It is no myth that mining often takes place in remote areas. But besides extracting mineral wealth, the fruits of the industry also impacts locals as it generates a significant economic spillover that can make the community flourish. Such is the case of San Jose del Progreso, an isolated municipality in Oaxaca, where Compañía Minera Cuzcatlán has held operations since 2010.

Part of Fortuna Silver Mines, the company’s efforts to give back to the area where it operates have contributed to strengthening the social tissue through infrastructure, education and social programs. In the first seven years of operation of the San José mine, the investment in the community exceeds MX$120 million.

Education is at the core of the social programs promoted by the company. So far, 60 scholarships have been granted and more than 600 students receive sponsorships for school supplies. But the focus is not only on enlightening the youth, as education programs also target the elderly. According to INEGI, the rate of high school enrollment increased by 6.8 percent to 10.3 percent in 2015 from 3.5 percent in 2010.

The education programs are aligned with the development of better infrastructure. Minera Cuzcatlán built the Communitarian Childs Home and contributed with the roofing of the preschool institutions in Maguey Largo, El Cuajilote and San Jose la Garzona. It also donated the land for the expansion of the San José de Progreso’s local school.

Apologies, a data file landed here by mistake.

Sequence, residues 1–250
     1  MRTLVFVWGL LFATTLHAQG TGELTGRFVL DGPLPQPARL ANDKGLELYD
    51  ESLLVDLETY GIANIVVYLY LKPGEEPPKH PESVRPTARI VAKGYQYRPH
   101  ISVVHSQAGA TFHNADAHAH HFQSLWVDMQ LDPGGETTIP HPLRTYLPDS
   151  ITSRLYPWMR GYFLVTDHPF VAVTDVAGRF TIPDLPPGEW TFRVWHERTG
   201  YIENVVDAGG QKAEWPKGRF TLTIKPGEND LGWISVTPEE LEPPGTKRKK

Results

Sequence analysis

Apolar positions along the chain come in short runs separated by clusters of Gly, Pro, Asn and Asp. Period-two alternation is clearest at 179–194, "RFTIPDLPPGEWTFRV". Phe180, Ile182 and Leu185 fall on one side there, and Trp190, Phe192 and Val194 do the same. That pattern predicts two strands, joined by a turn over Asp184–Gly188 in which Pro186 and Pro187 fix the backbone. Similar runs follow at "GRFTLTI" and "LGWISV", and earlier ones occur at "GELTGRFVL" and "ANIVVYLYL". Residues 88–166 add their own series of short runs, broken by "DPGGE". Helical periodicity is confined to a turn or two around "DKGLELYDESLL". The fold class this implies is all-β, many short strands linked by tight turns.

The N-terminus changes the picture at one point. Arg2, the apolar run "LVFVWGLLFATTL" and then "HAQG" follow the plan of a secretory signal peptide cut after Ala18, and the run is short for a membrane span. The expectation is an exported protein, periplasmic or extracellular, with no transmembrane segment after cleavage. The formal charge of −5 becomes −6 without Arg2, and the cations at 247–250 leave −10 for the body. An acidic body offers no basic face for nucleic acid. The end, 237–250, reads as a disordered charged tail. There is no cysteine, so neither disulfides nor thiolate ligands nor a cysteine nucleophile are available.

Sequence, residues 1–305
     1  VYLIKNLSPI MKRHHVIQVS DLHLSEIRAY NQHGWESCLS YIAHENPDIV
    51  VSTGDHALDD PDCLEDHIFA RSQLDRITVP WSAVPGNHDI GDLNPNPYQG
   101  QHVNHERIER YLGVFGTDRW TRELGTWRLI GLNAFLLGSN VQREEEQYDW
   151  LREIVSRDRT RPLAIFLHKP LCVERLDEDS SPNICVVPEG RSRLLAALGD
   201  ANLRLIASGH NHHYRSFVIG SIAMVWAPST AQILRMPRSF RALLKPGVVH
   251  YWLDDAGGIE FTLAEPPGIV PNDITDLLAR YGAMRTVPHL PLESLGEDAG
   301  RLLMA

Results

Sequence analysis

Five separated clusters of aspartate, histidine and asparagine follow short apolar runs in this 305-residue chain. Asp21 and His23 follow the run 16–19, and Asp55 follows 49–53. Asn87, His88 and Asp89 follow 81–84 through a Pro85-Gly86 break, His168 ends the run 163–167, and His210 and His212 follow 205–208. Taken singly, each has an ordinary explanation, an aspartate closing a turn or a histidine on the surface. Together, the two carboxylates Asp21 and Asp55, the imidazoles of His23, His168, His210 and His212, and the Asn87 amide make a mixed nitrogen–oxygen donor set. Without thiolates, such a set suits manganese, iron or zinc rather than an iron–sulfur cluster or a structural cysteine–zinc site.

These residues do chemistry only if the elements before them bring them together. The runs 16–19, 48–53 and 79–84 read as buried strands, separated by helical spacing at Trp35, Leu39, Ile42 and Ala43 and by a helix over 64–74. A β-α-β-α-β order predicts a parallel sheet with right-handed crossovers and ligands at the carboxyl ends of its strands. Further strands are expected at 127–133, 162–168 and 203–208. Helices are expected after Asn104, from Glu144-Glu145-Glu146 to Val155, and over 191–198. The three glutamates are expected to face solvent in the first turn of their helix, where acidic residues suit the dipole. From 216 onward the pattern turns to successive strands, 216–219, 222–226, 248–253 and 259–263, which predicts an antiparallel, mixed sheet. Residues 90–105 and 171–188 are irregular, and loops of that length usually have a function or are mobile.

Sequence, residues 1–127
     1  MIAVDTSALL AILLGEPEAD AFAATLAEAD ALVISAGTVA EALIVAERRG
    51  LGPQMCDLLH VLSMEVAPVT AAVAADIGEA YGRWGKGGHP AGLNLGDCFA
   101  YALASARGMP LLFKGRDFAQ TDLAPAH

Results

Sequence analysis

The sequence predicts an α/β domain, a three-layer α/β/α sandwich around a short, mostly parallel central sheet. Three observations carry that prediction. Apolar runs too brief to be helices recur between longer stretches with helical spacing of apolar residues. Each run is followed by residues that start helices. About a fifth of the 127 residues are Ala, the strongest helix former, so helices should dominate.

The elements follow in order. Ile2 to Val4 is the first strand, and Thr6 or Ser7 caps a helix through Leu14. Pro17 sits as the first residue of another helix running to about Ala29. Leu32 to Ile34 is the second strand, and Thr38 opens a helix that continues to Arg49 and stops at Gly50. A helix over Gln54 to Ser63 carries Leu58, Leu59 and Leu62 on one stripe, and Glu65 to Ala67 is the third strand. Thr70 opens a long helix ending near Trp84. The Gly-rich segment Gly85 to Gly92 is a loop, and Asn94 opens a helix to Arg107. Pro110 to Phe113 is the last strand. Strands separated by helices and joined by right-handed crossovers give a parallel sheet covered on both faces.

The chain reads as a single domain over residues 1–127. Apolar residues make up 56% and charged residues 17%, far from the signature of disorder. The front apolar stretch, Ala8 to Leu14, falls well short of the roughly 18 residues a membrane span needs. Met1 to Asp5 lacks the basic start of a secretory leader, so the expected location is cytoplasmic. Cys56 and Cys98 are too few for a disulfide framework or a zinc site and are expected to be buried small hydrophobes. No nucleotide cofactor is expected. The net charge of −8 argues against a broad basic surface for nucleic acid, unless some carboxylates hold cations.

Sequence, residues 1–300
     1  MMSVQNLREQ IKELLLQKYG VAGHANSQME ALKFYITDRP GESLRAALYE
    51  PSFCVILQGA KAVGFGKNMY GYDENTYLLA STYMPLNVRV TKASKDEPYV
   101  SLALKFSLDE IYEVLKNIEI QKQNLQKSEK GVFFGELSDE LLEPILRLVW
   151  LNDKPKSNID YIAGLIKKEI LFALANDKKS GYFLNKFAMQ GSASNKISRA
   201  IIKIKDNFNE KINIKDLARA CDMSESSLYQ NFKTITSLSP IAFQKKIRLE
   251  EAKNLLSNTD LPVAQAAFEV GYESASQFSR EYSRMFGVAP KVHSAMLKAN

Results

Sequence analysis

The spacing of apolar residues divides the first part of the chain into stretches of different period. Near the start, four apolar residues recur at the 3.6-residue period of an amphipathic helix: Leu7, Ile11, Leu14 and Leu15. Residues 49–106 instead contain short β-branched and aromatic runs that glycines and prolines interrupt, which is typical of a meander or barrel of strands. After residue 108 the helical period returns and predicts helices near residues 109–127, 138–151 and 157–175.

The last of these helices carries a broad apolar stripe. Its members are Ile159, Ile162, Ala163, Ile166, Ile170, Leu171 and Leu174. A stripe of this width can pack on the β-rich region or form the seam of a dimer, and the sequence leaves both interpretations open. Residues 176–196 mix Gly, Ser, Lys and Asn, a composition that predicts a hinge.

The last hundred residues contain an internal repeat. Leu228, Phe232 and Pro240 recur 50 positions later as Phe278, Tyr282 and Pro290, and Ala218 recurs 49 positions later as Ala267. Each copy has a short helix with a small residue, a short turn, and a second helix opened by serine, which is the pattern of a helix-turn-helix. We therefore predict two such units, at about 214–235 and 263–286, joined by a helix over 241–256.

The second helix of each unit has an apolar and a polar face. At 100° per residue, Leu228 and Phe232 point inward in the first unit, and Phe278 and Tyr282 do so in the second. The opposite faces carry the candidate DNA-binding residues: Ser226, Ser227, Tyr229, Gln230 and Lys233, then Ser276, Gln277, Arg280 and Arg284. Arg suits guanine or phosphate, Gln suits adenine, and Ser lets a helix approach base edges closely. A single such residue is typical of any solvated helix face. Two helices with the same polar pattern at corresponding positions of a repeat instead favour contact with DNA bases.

Lined up with the community’s need for enhanced infrastructure, several churches are being built and rehabilitated. In 2016 a network for sewage and drinking water supply was developed across 2.5km on the main streets of the area. SEDESOL’s numbers report the impact these investments have had. The rate of families without safe water services in San José del Progreso decreased to 58 percent in 2015 from 88 percent in 2010, accounting for a benefit to 480 families.

Vulnerable families are also given the benefit of improving their residences through the donation of construction materials. With more than 1,500 actions up to date, this program’s success has decreased the number of families living in a soil floor by 10 percent. To improve the quality of living, health facilities were also built in several localities, such as Vasquez and Cuajilote.









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